Further west of Flores is Labuham Bajo, the gateway to the Komodo and Rinca Islands. These two island groups make up the Komodo National Park. The sea and land life here was fantastic. Besides Komodo Dragons, deer, pigs, monkeys and turtles inhabited the island and the waters were teeming with mantas and an amazing array of underwater creatures we had never seen before. We dove several times and snorkeled every day. The southern islands are on the edge of the Indian Ocean and the water temperature was 10 degrees cooler and ideal for sea life. We stayed here for two weeks until we were thoroughly waterlogged.
Things have an interesting way of turning out. I never imagined I would be holding court with an orangutan in the jungles of Indonesia half way around the world. But nearly three years after leaving Pensacola, I found myself at the Camp Leaky Orangutan Preserve on Lombok Island.
We got to watch Tom, the alpha male, dominate over everyone, humans and their ancestors alike. As a male orangutan ages his face becomes larger with the increased levels of testosterone and expands to the size of a dinner plate. The smaller orangutans were clearly aware of his magnificent presence. They would hang back until he moved away from the feeding stations and then would cautiously move in and cram bananas in their mouths, always leary of Tom. Almost every female had a baby and those that didn’t were pregnant. Clearly he was a busy guy.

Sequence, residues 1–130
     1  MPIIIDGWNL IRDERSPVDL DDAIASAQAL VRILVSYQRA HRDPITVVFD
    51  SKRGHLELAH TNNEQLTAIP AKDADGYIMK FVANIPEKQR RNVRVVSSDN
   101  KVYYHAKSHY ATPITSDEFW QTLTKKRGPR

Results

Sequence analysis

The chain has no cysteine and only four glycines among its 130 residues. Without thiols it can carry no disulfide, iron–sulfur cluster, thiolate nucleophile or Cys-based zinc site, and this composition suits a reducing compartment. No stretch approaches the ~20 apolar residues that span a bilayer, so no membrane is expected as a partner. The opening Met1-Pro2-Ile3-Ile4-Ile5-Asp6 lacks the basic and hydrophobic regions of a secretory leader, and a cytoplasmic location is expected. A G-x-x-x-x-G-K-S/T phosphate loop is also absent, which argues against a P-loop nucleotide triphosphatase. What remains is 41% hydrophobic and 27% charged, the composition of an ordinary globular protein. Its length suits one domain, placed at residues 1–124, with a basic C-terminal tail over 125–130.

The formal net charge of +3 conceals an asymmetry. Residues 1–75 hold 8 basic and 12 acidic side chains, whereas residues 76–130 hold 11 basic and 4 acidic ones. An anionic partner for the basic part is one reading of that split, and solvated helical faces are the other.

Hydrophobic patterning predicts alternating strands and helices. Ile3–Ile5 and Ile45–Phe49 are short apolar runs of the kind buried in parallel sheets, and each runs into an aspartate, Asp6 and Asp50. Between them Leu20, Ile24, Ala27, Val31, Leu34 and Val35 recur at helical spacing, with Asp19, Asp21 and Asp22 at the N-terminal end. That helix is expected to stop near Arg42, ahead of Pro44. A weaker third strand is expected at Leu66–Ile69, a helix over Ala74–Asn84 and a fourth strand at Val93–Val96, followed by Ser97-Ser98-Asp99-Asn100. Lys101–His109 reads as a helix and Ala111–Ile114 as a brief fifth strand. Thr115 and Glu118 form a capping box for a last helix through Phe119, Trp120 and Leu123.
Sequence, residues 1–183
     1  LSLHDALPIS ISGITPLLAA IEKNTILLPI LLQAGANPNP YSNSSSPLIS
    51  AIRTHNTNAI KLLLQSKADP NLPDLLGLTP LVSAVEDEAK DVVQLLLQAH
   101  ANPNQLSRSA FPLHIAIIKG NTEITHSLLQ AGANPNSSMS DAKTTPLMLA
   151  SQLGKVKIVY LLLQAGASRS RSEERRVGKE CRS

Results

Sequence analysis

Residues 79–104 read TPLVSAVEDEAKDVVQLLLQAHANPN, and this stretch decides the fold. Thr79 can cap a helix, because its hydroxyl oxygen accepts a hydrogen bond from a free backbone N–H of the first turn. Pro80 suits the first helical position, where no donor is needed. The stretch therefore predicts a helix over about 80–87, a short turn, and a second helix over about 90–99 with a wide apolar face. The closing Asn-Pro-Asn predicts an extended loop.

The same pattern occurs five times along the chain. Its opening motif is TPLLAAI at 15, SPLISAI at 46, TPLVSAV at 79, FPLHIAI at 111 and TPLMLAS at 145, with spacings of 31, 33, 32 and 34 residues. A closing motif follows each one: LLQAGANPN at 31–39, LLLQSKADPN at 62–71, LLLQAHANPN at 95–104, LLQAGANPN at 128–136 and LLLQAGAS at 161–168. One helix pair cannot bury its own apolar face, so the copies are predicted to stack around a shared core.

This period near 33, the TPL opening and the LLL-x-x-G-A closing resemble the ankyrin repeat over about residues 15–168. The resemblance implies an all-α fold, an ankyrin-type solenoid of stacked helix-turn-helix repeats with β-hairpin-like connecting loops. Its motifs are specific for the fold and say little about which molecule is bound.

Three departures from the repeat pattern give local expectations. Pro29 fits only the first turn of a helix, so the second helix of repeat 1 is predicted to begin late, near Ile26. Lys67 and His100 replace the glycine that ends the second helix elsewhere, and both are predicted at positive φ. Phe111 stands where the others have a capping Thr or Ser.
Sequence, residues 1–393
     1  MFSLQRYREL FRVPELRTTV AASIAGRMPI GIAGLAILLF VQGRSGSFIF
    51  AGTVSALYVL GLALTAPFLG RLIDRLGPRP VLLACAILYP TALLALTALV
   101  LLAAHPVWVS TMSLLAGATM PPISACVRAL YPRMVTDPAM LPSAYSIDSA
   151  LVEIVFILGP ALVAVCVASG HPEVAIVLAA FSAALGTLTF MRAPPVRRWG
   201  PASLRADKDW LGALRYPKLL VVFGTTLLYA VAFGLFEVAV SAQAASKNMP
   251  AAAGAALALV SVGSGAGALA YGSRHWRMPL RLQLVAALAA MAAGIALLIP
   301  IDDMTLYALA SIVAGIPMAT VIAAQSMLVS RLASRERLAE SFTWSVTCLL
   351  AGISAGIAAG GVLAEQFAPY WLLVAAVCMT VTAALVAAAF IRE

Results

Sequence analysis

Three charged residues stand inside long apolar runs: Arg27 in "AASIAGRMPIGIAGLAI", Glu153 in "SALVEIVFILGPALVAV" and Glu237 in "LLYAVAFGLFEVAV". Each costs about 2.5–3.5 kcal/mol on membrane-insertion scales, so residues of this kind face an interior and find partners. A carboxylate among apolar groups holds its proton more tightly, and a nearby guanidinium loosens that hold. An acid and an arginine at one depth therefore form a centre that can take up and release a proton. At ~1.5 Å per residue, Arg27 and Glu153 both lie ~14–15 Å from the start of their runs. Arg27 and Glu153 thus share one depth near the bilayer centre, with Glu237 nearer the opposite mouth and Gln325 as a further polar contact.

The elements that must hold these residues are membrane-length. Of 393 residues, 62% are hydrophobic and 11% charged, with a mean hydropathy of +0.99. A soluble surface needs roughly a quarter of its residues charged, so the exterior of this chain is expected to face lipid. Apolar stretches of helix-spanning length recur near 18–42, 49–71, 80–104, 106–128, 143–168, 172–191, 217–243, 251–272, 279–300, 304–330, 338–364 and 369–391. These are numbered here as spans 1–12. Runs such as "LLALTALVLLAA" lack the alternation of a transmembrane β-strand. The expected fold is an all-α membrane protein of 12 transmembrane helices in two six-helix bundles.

Leaving Miss Jody docked in Johor Bahru in Malaysia, we started our tour of SE Asia’s mainland in Vietnam. Hanoi was amazing and it was fun to watch the locals travel on 25-foot wide streets, packed with bikes, motorcycles, cars and trucks. There are very limited traffic lights and no one observes the stop signs anyway. We toured the city in cycle rickshaws, and since the largest vehicle has the right of way, we weren’t exactly high on the pecking order. We also visited the “Hanoi Hilton”, the prison where POWs were housed during the Vietnam War. Our guide, Son, told us that the past is the past and that the Vietnamese people have moved on. It was still surreal to see all the US military vehicles parked there.